About John Snow
Dr John Snow (1813-1858) was a famous physician, widely recognised as a leading pioneer in the development of anaesthesia in Britain, as well as one of the founding fathers of epidemiology.
Members are invited to send in biographical or other points about Snow's life and works.
John Snow was born in York on 15 March 1813, the eldest son of a farmer. He died in London on 16 June 1858, aged 45
His first piece of scientific work was on the use of Arsenic in the preservation of bodies (this work was abandoned due to the toxic effects on the medical students)
From his studies in toxicology, John Snow developed an interest in anaesthesia and cholera (hence his theory on the transmission of the cholera 'poison' in water supplies)
John Snow was a vegetarian and a teetotaller who campaigned for temperance societies (though he drank a little wine in later life). He first encountered a cholera epidemic in Newcastle in 1831-32 when he was sent there by the surgeon to whom he was apprenticed at the time
It was reported that John Snow was a poor speaker with a husky voice; "always spoke to the point but found it difficult to obtain a favourable notice" (Richardson)
John Snow occupied three properties during his time in London; 11 Batemans Buildings, Soho Square (1836-1838); 54 Frith Street, Soho Square (1838-1853); 18 Sackville Street (1853-1858)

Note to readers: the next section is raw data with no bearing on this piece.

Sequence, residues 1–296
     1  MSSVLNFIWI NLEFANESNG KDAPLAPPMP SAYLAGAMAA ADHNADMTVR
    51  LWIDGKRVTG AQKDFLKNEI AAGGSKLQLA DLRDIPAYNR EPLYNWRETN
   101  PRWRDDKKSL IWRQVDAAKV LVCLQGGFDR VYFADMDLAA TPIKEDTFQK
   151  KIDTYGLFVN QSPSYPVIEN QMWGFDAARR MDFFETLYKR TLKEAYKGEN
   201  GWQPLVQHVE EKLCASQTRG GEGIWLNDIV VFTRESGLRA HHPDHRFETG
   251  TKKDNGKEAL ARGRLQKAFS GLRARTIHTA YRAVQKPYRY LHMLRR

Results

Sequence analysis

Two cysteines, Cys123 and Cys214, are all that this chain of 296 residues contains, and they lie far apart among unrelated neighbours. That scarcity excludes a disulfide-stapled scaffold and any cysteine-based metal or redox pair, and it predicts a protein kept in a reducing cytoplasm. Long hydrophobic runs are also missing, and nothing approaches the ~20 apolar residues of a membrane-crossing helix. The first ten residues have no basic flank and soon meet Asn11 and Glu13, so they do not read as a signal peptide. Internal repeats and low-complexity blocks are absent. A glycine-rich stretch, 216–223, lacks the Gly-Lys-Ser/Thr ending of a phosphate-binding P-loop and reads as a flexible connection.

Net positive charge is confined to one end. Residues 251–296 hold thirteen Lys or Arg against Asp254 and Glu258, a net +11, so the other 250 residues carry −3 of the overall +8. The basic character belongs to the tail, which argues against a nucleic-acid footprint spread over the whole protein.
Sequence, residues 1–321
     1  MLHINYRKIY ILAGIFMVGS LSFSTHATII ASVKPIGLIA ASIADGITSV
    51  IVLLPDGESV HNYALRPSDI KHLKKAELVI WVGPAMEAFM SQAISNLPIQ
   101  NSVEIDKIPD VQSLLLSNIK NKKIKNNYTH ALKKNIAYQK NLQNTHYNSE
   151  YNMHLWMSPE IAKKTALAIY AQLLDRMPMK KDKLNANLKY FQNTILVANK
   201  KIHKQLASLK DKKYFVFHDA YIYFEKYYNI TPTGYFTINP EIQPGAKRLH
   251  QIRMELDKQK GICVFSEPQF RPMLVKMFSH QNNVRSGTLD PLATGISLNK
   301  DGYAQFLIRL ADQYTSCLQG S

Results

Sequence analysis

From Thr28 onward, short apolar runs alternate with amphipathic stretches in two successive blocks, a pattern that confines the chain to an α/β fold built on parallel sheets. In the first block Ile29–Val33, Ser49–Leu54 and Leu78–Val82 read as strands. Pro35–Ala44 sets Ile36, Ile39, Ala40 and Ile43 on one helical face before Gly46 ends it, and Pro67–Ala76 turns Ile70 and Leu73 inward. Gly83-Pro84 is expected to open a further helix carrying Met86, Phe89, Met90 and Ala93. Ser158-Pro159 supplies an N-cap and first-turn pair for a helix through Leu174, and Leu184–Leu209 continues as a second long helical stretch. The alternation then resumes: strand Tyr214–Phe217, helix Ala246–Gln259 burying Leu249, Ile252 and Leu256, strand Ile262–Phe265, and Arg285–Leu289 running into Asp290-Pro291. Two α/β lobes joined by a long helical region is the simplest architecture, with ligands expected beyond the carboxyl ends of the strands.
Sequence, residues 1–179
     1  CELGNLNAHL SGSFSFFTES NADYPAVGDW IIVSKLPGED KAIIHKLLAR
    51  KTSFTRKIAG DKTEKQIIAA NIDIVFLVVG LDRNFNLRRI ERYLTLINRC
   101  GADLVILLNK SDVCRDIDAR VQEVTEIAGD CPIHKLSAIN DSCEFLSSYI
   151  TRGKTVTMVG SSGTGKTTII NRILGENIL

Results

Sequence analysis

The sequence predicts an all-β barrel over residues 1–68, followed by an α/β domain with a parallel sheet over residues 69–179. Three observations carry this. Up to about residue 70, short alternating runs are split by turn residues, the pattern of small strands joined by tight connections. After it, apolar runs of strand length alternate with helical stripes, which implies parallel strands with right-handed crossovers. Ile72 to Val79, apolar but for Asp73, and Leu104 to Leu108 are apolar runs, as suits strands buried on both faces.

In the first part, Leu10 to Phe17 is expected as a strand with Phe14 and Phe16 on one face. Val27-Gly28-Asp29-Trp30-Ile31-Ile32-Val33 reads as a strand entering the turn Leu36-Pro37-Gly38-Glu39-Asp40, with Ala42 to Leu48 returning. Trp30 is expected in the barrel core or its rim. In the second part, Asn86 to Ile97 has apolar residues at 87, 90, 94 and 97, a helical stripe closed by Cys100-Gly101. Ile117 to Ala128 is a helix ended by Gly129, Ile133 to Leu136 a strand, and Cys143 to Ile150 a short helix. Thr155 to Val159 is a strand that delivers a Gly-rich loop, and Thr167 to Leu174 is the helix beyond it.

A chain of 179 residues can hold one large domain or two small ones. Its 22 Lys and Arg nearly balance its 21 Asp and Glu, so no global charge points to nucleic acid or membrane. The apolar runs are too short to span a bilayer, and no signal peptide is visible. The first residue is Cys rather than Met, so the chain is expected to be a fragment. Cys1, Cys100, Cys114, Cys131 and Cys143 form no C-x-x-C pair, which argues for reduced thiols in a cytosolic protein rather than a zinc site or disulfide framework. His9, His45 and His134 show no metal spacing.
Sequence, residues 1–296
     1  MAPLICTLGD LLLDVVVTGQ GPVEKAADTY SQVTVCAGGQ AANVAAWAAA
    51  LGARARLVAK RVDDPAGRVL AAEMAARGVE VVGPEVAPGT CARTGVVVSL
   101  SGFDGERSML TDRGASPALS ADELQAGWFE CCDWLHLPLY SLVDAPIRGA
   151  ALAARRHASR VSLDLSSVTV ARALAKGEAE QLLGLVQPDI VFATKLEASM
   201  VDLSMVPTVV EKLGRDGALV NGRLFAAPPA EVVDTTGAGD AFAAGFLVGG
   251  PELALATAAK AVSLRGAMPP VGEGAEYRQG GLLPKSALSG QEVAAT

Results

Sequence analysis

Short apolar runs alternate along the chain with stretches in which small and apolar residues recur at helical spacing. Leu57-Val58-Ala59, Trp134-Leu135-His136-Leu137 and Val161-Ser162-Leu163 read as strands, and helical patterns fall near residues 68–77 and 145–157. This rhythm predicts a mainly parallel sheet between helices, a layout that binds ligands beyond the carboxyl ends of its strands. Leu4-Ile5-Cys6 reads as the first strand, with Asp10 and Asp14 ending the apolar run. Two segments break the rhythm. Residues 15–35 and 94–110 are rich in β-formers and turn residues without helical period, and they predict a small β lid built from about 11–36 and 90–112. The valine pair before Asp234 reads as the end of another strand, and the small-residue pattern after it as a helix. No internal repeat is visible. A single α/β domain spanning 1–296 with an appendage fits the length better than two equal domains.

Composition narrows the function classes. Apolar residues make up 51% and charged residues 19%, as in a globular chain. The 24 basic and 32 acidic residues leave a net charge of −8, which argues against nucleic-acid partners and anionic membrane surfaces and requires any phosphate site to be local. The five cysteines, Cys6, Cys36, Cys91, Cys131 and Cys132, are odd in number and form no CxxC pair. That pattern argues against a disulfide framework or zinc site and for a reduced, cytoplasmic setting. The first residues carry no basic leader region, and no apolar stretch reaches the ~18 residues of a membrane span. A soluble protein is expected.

On 16 October 1841 John Snow presented his first paper entitled Asphyxia and the resuscitation of new-born children
In 1846, John Snow heard about the use of anaesthesia in the USA. It was not well-received in the UK initially, due to the mode of administration but John Snow spotted how to improve this.
University of California John Snow website
The University of California Department of Epidemiolgy have a website dedicated to John Snow which is definitely worth a visit with a wide range of articles, animations, maps and photos.
Biography of John Snow
Peter Vinten-Johansen, Howard Brody, Nigel Paneth, Stephen Rachman and Michael Rip. Cholera, Chloroform and the Science of Medicine: A Life of John Snow. Oxford: Oxford University Press, 2003.
(This is the most serious biography of Snow with excellent discussion of Snow’s life and his work on anaesthetics, cholera and maps)
Accounts of the 1854 cholera epidemic
Sandra Hempel. The Medical Detective: John Snow; Cholera and the Mystery of the Broad St. Pump. London Granta Books,2006
Deborah Hopkinson. The Great Trouble. Subtitled ‘A mystery of London, the blue death and a boy called Eel’.
(This imagines a street urchin who helps Dr. Snow to solve the outbreak, while experiencing the stages of the 1854 outbreak and struggling to survive himself. No illustrations but suitable for young readers 10 and up.)
Steven Johnson. The Ghost Map: A Street, an Epidemic and the Hidden Power of Urban Networks. Penguin Books 2008